Independence Day

Family, Faith, and FREEDOM – Let’s Celebrate and Remember
In this special Independence Day message from CWA CEO and President Penny Nance, we remember the men and women who gave all for our freedom. Our great nation celebrates its independence, because of their sacrifice. Let’s restore the Fourth of July to its rightful purpose as a time for great joy and deep gratitude. Let’s give thanks as we celebrate!

Independence Day Articles

What Happened to “We the People”?
“We the People,” by God’s providence, formed the Constitution of the United States of America. It was a “Model of Liberty.” But by whom will the fate of America ultimately be determined? By “We the Government”? “We the World”? or “We the People”?

Independence Day – Our Responsibility
Every Fourth of July, citizens across the nation celebrate the birthday of America. With fireworks, barbecues, parades, and picnics, Americans demonstrate their patriotism for our great nation. But Independence Day is more than just a birthday party for America. It’s a national celebration of our country’s unique heritage of freedom.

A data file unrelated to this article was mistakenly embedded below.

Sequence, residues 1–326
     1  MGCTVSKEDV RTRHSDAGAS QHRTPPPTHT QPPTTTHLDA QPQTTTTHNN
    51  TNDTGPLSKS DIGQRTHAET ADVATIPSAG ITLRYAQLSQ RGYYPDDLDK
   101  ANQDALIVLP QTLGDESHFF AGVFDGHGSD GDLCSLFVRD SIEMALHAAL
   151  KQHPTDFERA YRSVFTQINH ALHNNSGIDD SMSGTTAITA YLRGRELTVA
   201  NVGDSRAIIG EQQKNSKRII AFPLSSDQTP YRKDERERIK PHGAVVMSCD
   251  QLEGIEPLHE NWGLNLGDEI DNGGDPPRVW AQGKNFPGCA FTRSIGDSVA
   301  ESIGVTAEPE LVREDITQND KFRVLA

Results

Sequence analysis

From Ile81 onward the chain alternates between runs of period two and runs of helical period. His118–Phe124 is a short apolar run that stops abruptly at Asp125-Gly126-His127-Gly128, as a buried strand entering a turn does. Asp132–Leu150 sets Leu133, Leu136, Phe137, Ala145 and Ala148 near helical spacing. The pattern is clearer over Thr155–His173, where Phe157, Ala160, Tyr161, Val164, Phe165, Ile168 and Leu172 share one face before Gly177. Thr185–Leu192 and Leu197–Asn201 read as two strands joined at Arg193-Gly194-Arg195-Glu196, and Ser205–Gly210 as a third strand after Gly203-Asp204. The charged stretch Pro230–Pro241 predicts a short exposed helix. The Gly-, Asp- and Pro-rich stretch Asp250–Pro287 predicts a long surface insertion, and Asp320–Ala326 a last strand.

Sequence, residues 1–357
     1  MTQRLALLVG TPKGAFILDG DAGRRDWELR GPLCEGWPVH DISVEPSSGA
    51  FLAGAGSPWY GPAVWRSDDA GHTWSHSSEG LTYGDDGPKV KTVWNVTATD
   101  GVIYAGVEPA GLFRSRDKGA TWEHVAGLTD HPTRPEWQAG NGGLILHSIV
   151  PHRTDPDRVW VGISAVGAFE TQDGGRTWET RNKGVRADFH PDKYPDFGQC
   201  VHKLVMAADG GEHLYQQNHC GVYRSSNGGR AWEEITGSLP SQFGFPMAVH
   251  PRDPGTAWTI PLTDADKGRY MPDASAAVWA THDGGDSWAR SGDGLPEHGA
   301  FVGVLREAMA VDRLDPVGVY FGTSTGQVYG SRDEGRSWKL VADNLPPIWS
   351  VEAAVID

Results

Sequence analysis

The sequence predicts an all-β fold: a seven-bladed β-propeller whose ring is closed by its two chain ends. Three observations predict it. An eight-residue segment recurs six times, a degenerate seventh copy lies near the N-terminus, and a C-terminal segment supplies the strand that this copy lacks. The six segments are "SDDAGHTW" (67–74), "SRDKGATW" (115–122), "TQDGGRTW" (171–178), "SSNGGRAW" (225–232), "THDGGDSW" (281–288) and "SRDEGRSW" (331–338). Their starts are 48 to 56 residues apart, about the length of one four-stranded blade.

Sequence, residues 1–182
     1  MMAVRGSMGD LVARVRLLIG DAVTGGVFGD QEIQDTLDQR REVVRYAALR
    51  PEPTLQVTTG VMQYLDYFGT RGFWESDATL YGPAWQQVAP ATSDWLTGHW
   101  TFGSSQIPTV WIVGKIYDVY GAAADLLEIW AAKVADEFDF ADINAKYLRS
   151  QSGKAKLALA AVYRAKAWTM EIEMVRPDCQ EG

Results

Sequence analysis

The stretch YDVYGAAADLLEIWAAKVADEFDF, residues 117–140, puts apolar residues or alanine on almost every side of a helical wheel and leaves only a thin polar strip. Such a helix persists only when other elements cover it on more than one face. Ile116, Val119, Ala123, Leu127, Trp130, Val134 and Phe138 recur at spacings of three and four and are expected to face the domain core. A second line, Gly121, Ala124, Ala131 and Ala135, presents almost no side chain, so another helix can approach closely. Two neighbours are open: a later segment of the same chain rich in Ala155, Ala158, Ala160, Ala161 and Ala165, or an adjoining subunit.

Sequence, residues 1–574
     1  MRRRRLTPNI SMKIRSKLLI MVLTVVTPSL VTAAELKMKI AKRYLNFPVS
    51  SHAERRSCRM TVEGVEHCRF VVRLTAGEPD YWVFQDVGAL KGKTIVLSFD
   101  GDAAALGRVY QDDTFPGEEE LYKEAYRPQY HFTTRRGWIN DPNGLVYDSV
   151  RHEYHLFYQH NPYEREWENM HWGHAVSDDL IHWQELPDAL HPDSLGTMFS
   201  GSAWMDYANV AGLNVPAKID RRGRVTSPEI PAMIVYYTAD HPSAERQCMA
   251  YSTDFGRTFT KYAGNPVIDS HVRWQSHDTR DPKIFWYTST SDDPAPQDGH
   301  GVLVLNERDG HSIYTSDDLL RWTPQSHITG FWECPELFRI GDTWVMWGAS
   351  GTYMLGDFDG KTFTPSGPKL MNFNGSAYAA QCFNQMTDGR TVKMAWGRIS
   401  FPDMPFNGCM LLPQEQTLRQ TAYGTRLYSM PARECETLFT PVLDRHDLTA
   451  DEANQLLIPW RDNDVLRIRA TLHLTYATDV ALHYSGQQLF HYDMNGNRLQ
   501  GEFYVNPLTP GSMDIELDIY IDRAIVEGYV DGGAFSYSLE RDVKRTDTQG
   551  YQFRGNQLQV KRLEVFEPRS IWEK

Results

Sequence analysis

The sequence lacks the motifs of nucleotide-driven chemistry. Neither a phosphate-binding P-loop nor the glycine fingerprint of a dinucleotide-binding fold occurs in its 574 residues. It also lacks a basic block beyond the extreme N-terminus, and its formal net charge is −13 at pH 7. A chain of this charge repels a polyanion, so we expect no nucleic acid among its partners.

An Independence Day Celebration
We invite you to celebrate with us the foundations of this great nation, to reflect on who are we as a people.  “Therefore whosoever heareth these sayings of mine, and doeth them, I will liken him unto a wise man, which built his house upon a rock:  and the rain descended, and the floods came, and the winds blew, and beat upon that house; and it fell not: for it was founded upon a rock,” (Matthew 7:24-25).

Independence Day Resources

The Declaration of Independence
On Christmas morning, many of us read the account of Christ’s birth to commemorate the birth of the One Who would die to bring us eternal freedom. So why not do something similar this Independence Day? Why not read the document that announced the birth of our country?

The U.S. Constitution
Read it. Know it. Own it. … Or the men who habitually twist it will own you and this great nation.

The Bill of Rights
As the Constitution was being debated, the fear that the Constitution was vague enough to allow the central government to convert to open tyranny was often voiced. This document was specifically written to allay those fears.

The Federalist Papers
Well worth the read, this series of 85 essays, written by Alexander Hamilton, John Jay, and James Madison between October 1787 and May 1788, urged states to ratify the U.S. Constitution.